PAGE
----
17. Fischer RC, Richter A, Hadacek F, Mayer V (2008) Chemical differences between seeds and elaiosomes indicate an adaptation to nutritional needs of ants. Oecologia 155:539–547.  https://doi.org/10.1007/s00442-007-0931-8 CrossRefPubMedGoogle Scholar
  18. Folgarait PJ (1998) Ant biodiversity and its relationship to ecosystem functioning: a review. Biodivers Conserv 7:1221–1244.  https://doi.org/10.1023/A:1008891901953 CrossRefGoogle Scholar
  19. Gammans N, Bullock JM, Schönrogge K (2005) Ant benefits in a seed dispersal mutualism. Oecologia 146:43–49.  https://doi.org/10.1007/s00442-005-0154-9 CrossRefPubMedGoogle Scholar
  20. Gibson W (1993) Selective advantages to hemi-parasitic annuals, genus Melampyrum, of a seed-dispersal mutualism involving ants: I. Favorable nest sites. Oikos 67:334–344.  https://doi.org/10.2307/3545480 CrossRefGoogle Scholar
  21. Giladi I (2006) Choosing benefits or partners: a review of the evidence for the evolution of myrmecochory. Oikos 112:481–492.  https://doi.org/10.1111/j.0030-1299.2006.14258.x CrossRefGoogle Scholar
  22. Gómez C, Espadaler X, Bas JM (2005) Ant behaviour and seed morphology: a missing link of myrmecochory. Oecologia 146:244–246.  https://doi.org/10.1007/s00442-005-0200-7 CrossRefPubMedGoogle Scholar
  23. Heil M, Mckey D (2003) Protective ant-plant interactions as models system in ecological and evolutionary research. Annu Rev Ecol Evol Syst 34:425–453.  https://doi.org/10.1146/annurev.ecolsys.34.011802.132410 CrossRefGoogle Scholar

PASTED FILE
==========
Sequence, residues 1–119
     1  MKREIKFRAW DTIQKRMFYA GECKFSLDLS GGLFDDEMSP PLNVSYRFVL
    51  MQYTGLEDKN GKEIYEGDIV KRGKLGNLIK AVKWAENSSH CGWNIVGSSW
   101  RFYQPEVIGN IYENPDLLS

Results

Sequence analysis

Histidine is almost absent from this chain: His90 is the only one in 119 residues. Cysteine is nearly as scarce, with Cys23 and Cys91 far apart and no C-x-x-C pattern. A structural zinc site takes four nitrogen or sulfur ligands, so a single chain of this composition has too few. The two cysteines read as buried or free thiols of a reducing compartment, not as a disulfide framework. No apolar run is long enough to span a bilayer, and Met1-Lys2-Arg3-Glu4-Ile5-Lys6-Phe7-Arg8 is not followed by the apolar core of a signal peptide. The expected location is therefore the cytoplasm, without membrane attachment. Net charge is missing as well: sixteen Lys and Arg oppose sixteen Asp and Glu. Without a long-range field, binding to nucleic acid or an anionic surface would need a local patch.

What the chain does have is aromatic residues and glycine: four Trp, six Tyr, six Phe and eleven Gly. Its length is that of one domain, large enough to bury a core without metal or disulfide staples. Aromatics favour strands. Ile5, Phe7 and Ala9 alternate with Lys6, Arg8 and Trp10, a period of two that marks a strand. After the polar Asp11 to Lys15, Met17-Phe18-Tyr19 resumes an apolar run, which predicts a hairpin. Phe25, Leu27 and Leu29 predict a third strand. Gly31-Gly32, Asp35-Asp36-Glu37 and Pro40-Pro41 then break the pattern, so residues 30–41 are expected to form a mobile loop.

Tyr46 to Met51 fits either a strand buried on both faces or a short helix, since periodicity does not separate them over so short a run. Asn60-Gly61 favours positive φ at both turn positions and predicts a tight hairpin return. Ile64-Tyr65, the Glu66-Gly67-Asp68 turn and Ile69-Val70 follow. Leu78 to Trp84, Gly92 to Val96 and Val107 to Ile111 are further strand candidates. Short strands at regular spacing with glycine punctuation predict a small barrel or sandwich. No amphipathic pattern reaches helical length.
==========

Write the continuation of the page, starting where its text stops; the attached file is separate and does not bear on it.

24. Hughes L, Westoby M (1992) Fate of seeds adapted for dispersal by ants in Australian sclerophyll vegetation. Ecology 73:1285–1299.  https://doi.org/10.2307/1940676 CrossRefGoogle Scholar
  25. Hughes L, Westoby M, Jurado E (1994) Convergence of elaiosomes and insect prey: evidence from ant foraging behaviour and fatty acid composition. Funct Ecol 8:358–365.  https://doi.org/10.2307/2389829 CrossRefGoogle Scholar
  26. Inouye DW, Taylor OR (1979) A temperate region plant-ant-seed predator system: consequences of extra floral nectar secretion by Helianthella quinquenervis. Ecology 60:2–7.  https://doi.org/10.2307/1936460 CrossRefGoogle Scholar
  27. Janzen DH (1966) Coevolution of mutualism between ants and acacias in Central America. Evolution (N Y) 20:249–275.  https://doi.org/10.2307/2406628 CrossRefGoogle Scholar
  28. Leal IR, Wirth R, Tabarelli M (2007) Seed dispersal by ants in the semi-arid caatinga of north-East Brazil. Ann Bot 99:885–894.  https://doi.org/10.1093/aob/mcm017 CrossRefPubMedPubMedCentralGoogle Scholar
  29. Leal LC, Neto MCL, de Oliveira AFM, Andersen AN, Leal IR (2014) Myrmecochores can target high-quality disperser ants: variation in elaiosome traits and ant preferences for myrmecochorous Euphorbiaceae in Brazilian caatinga. Oecologia 174:493–500.  https://doi.org/10.1007/s00442-013-2789-2 CrossRefPubMedGoogle Scholar